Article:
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In part one, I tried to enforce the idea that folk art is not necessarily superior to commodified art, and most art that we know and is brought to public consciousness, and endures is a combination, a dance so to speak between the genuine and the packaged, You have to cut the hog up to transport it, and a cut up hog can never be a free ranging pig, but it can give you the full flavor of what people in those parts love and have grown up on concerning the pig that ranged. You need to package the genuine in order to carry it to a new audience. One could make a case that the entire folk music scene from which Dylan, country rock, and long, often self indulgent singer-song writer songs emerged was far more in the category of commodity than folk–even as sacred a character as Woody Guthrie. A true folk artist wouldn’t worry about the purity of what he was doing, and if he can make good money for the people back home, and not be broke, he or she is going to let them cut up the hog–but only so far, and he is going to lament, sooner or later that, in cutting up the hog, they forgot the beauty and intelligence of the pig, and he may even be horrified at what they’ve done to his hog. This is why we have counter movements, and nothing is ever fully agreed upon.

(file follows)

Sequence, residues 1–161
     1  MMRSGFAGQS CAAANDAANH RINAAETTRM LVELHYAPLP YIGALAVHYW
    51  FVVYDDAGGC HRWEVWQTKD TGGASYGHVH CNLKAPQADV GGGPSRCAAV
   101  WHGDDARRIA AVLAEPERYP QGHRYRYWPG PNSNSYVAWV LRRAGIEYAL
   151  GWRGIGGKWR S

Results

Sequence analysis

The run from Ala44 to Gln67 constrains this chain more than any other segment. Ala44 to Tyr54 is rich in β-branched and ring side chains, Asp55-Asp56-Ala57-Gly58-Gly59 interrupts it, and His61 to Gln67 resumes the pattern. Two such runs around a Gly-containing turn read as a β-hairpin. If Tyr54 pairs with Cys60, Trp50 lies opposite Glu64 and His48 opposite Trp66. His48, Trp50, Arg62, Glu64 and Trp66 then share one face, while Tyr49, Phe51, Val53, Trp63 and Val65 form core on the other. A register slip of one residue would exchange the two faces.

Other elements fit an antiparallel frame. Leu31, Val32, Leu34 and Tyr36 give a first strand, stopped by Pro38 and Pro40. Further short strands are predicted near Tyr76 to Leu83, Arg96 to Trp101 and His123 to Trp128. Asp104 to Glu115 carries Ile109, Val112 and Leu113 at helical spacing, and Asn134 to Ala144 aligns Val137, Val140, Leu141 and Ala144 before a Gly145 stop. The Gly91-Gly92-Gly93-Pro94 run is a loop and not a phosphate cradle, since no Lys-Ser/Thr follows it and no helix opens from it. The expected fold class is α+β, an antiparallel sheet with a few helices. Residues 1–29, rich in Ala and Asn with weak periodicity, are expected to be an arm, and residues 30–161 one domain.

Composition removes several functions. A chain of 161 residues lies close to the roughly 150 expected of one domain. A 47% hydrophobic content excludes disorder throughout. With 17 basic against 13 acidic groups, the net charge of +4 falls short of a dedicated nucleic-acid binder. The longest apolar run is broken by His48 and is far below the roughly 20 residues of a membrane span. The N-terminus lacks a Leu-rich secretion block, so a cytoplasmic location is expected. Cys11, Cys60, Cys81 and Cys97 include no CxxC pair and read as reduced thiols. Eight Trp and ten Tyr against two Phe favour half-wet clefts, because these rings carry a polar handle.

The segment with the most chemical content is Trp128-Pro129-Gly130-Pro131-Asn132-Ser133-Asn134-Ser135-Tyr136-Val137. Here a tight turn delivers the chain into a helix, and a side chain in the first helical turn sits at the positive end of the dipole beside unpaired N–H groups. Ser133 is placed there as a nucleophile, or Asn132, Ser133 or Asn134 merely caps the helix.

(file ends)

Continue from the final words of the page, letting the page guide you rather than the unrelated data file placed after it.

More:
Now the word academic can be taken in many ways. We could look at the glorious work Alan Lomax did, his scholarship in recording field hollers, convict songs, Appalachian music as well as Delta Blues. Instead of cutting up the hog, he did what a good scholar does: attempted to transport it whole, and preserve it so that it might be seen in its fullness and purity. This is scholarship. This is the good thing about Academic: it is work heavy, arduous, develops methods of qualification and research that tries to keep the hog in its full glory. Such scholarship is often brave, even fearless. often, no one understands or sees the value in some Northern Yankee running around the fields, and through the chain gangs in search of a song. No one understands why a scholar might spend thirty years codifying all the variants in the different versions of a single folk song sung mainly by half senile old ladies on their porches. The scholar, in this sense, is no less heroic than Beowulf.. He or she is going up against the dragon of half truths, and full out lies, and rumor, and finding the gem of what is complicated, and incremental and pain staking. This has none of the romance of the philosopher or theorist, none of the sweep. It is a daily, small, relentless contact with what can be recorded, verified, and put towards a body of research. All that said, the scholar works from the myth of purity, so that, for all his or her brave work, the best he or she can produce is a more accurate, far more exacting, far more useful falsehood–a falsehood that is then qualified, and corrected by equally brave and painstaking scholars, all of whom fine tune, and take a tooth brush to a thousand mile desert and start brushing.